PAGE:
The debate over H-1B visas is interesting because it clearly shows how globalization is not some natural force descending upon on the United States, but rather a process that is directed by the people designing policy in Washington. Depending on whether the H1-B program is restricted or expanded, workers in Science Technology Engineering and Math (STEM) fields in the United States will see higher or lower wages.
For this reason it is very clear that the pay of STEM workers is hardly the result of a natural process, it is determined by the decisions made by politicians in Washington. In a similar vein, the most highly paid professionals, like doctors and dentists, are able to use their political power to largely exclude foreign competition. In contrast, our trade policy has been designed to place U.S. manufacturing workers in direct competition with their much lower paid counterparts in the developing world.
But no one discusses the protectionist barriers that sustain the pay of our most highly paid professionals. (For example, foreign doctors can’t practice medicine in the United States unless they complete a U.S. residency program.) And the debate that affects the pay of manufacturing workers is about goods rather workers. We debate barriers on importing steel, not about importing steelworkers.
The H-1B story is different because we are directly debating the number of foreign workers who will be allowed to work in the United States. And, there is considerable truth to what both sides in the debate are claiming.
Opponents of keeping or expanding the program are correct in saying that it depresses the wages of STEM workers in the United States. It would be necessary to have some pretty strange views of economics to believe that a large increase in the supply of labor doesn’t put downward pressure on wages.
On the other side, the software companies that are pressing for more H-1B visas are right to argue that it gives a boost to their business and allow them to hire more workers in other areas. Having access to low-cost labor is an effective subsidy. It’s like if we gave these firms free rent. The firms that are able to hire workers through H-1B visas will have an advantage relative to their foreign and domestic competition.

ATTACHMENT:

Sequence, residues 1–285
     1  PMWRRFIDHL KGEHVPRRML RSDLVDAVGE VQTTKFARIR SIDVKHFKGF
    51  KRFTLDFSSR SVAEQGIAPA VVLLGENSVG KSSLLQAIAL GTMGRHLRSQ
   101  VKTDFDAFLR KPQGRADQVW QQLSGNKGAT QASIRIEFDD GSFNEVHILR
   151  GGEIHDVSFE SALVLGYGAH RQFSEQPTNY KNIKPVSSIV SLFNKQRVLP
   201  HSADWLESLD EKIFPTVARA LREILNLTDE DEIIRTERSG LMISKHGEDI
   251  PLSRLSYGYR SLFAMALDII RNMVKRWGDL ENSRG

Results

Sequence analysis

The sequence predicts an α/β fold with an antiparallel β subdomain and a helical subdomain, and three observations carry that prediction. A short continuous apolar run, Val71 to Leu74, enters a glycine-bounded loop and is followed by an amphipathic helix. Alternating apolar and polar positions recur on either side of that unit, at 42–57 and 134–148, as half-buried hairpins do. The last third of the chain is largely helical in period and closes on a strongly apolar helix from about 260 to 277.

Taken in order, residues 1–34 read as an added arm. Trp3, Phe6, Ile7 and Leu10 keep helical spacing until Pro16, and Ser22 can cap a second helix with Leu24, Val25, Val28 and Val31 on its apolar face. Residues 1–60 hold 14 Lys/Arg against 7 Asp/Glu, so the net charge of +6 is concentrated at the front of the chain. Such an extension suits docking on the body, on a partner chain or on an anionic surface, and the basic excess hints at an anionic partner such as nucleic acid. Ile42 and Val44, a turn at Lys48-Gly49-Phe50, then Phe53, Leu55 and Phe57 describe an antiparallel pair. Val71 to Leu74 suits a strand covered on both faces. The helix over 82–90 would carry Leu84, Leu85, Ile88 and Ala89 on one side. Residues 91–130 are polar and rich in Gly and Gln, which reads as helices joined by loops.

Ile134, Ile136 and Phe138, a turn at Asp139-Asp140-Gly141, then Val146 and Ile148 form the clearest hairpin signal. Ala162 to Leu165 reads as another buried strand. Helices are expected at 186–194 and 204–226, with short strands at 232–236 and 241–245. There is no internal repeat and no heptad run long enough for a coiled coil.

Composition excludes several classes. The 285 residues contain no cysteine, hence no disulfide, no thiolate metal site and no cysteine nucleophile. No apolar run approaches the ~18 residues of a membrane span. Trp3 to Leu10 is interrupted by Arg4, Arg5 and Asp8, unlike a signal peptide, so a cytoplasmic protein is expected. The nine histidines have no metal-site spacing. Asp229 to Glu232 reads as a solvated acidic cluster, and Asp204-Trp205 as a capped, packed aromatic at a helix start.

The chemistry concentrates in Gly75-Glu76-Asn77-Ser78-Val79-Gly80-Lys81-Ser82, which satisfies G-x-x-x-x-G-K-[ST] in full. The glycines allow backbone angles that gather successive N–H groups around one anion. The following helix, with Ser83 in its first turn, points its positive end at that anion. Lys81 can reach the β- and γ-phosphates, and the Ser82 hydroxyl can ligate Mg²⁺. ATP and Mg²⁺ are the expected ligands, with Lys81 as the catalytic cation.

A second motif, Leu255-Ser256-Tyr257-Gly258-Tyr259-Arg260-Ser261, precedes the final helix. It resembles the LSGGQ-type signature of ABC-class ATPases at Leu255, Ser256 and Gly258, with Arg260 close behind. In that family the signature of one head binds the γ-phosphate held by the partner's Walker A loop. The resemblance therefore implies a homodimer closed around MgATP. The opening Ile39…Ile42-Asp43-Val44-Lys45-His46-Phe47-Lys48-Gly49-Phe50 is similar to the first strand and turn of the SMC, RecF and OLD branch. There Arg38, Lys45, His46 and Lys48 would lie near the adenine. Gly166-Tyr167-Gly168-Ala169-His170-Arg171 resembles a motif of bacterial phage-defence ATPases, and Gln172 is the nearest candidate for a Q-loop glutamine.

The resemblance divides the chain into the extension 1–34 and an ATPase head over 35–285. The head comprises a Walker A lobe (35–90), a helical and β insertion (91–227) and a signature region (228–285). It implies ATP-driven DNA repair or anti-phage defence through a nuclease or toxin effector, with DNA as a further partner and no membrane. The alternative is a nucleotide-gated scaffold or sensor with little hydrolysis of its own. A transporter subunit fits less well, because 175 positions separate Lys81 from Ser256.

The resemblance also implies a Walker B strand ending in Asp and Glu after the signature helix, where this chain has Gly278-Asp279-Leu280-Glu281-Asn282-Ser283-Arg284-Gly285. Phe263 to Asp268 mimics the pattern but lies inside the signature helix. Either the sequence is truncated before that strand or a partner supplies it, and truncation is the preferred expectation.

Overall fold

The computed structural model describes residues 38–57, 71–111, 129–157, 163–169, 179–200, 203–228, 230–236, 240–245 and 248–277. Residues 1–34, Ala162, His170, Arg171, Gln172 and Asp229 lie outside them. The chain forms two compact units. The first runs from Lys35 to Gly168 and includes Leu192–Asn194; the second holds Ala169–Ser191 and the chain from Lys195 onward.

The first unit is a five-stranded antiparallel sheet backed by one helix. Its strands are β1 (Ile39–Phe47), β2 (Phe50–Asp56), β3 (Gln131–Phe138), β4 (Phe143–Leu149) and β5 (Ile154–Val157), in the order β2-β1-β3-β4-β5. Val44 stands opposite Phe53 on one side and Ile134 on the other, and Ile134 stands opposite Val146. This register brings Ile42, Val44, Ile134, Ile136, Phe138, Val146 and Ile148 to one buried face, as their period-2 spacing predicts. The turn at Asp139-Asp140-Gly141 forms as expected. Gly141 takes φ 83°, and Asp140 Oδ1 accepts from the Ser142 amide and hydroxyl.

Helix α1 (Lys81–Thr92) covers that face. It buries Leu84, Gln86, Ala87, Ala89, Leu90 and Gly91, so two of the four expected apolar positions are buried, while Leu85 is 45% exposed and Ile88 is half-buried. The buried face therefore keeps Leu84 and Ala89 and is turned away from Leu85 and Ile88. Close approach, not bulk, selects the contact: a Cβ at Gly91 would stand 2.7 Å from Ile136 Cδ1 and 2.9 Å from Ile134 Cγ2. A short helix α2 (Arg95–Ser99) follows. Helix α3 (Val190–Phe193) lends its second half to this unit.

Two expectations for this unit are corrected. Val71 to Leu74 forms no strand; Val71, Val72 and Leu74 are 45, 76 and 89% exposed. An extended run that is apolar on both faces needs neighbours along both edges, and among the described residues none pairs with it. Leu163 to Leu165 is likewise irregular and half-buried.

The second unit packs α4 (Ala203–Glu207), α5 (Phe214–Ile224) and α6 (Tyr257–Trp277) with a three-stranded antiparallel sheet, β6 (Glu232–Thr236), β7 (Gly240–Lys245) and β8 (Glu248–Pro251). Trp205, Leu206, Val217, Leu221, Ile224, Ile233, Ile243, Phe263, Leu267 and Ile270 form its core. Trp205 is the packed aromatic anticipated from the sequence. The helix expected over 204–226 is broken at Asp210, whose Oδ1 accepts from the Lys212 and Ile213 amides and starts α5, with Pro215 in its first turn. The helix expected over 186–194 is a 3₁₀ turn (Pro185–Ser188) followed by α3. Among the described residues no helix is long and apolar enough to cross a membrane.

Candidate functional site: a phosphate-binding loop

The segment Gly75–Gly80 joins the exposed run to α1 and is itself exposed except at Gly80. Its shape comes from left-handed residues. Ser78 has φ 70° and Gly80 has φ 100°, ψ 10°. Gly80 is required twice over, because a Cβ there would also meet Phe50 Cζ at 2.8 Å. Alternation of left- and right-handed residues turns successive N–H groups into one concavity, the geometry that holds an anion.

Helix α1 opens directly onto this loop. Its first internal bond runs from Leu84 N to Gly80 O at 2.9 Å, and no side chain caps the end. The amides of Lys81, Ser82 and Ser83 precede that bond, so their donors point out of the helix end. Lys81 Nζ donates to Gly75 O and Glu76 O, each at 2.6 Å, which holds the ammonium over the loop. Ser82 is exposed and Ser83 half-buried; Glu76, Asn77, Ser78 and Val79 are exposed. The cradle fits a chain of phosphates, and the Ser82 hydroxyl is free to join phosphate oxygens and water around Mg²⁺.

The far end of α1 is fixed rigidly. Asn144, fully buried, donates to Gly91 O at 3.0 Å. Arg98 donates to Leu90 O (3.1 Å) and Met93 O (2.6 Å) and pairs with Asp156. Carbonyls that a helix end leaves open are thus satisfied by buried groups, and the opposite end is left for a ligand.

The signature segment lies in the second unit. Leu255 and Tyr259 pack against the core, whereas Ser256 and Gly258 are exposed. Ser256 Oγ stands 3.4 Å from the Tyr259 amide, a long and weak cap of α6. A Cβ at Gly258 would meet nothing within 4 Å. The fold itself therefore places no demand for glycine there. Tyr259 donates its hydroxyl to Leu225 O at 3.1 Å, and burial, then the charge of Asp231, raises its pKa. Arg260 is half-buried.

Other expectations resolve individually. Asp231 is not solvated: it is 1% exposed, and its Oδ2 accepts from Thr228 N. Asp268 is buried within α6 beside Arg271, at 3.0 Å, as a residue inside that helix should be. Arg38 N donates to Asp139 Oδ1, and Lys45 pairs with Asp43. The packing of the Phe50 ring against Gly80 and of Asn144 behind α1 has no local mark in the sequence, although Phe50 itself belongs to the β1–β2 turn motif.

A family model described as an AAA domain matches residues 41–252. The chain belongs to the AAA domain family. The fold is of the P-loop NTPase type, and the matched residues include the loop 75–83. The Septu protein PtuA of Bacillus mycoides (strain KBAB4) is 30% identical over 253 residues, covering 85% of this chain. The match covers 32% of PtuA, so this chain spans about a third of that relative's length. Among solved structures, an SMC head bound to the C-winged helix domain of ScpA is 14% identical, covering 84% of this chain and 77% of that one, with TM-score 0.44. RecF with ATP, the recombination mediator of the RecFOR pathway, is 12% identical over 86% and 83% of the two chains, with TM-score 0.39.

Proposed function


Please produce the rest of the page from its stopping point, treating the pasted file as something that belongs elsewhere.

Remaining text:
While it is true that low-cost labor can save businesses money, some of the other arguments from advocates of H-1B visas are not true. For example, it is not true that the U.S. has a shortage of STEM workers. A study produced by the Economic Policy Institute found that only two-thirds of college graduates with STEM degrees have jobs in the area one year after graduation.
The study also found that wages in most STEM occupations have been virtually flat since 2000. If there were really a serious shortage of STEM workers, we would expect to see rapidly rising wages as employers bid against each other to try to pull away workers. While this study was done earlier in the recovery, it is unlikely that the labor market is hugely different today for STEM workers.
Additionally, African Americans with STEM degrees find it especially difficult to find jobs. A study by Janelle Jones and John Schmitt found that among recent African-Americans graduates with STEM degrees, 10 % were unemployed and another 32% were underemployed. There are a variety of reason these workers have trouble getting jobs in their field, but the point is there are STEM workers who could be hired — it would just cost Apple, Google, and the like more money to hire them.
In terms of getting low-cost labor, it is important to note the unique character of H-1B visas: they belong to the employer, not the worker. This means that if a worker who is here on an H-1B visa decides they are unhappy with the pay or working conditions at their job, their only option is to quit and return to their home country. Their H-1B status does not allow them to look for another employer.
This practice is in keeping with the tech sector’s disdain for a free labor market. Two years ago, Apple, Google, and several other tech giants paid out more than $400 million in a settlement related to charges that they conspired not to compete for each other’s workers. It would be reasonable to restructure the H-1B program so that the workers who do enter the country have the same rights as other workers, including the right to look for a new job.
The other issue that could be addressed positively with the H-1B program is to use it as a reward to firms that are successful in bringing in African Americans and other under-represented minorities into STEM occupations. The list of the under-represented in this case would also include women, given the preponderance of men in the tech sector.
Wherever the U.S. ends up on H-1B visas, it should be clear that this is a question that will be decided by power, not economics. The tech industry would like to pay less for their workers, and H1-B visas are an effective way to accomplish this goal. Tech workers, like the rest of us, would rather get paid more and rightly understand that increasing the supply from abroad reduces their bargaining power.
The same story applies in many other economic debates where the rules in Washington determine the winners and losers. In the case of H-1B visas it’s just much more transparent.
Dean Baker is a macroeconomist and co-director of the Center for Economic and Policy Research in Washington, DC. He is also author of the book, Rigged: How Globalization and the Rules of the Modern Economy Were Structured to Make the Rich Richer.